WILL you say that there is nothing independent which is in your own power alone, and unalienable? See, then, if you have anything of this sort. — "I do not know." But, consider it thus: Can anyone make you assent to a falsehood? — "No one." In the topic of assent, then, you are unrestrained and unhindered. — "Agreed." Well, and can anyone compel you to exert your pursuits towards what you do not like ? — "He can. For when he threatens me with death, or fetters, he compels me to exert them." If, then, you were to despise dying, or being fettered, would you any longer regard him? — "No." Is despising death, then, an action in our power, or is it not? — "It is." Is it, therefore, in your power also to exert your pursuits towards anything, or is it not? — "Agreed that it is. But in whose power is my avoiding anything?" This too, is in your own. — "What then, if, when I am exerting myself to walk, anyone should restrain me?" What part of you can he restrain? Can he restrain your assent? — "No, but my body." Ay, as he may a stone. — "Be it so. But still I walk no more." And who told you that walking was an action of your own that cannot be restrained? For I only said that your exerting yourself towards it could not be restrained.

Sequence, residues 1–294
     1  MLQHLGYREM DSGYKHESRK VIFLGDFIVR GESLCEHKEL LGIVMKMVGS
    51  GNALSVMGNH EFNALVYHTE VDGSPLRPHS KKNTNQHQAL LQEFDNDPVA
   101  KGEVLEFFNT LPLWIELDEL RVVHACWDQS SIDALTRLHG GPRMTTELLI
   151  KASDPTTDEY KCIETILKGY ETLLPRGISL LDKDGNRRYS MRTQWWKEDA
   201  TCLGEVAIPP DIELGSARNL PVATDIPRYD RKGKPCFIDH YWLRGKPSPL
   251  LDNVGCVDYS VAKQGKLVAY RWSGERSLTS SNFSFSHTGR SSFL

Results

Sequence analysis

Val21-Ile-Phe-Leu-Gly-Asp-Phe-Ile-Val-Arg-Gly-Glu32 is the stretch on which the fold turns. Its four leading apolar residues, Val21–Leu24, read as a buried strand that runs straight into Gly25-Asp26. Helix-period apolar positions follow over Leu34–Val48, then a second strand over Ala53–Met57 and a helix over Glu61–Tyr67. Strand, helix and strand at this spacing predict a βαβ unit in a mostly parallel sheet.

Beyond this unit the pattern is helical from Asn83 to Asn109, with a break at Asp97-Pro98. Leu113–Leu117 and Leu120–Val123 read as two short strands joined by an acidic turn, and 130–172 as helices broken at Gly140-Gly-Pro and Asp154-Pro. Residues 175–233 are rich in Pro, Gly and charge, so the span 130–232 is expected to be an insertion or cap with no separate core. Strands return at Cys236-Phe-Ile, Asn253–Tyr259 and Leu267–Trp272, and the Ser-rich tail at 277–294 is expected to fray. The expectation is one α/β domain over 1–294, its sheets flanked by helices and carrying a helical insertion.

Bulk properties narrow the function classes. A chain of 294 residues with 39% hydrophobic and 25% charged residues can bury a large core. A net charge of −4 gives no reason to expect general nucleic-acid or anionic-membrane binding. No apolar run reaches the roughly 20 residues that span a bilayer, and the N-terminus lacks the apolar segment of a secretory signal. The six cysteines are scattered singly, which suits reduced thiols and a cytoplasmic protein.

EPICTETUS. DISCOURSES. Book iv. §1, ¶11.
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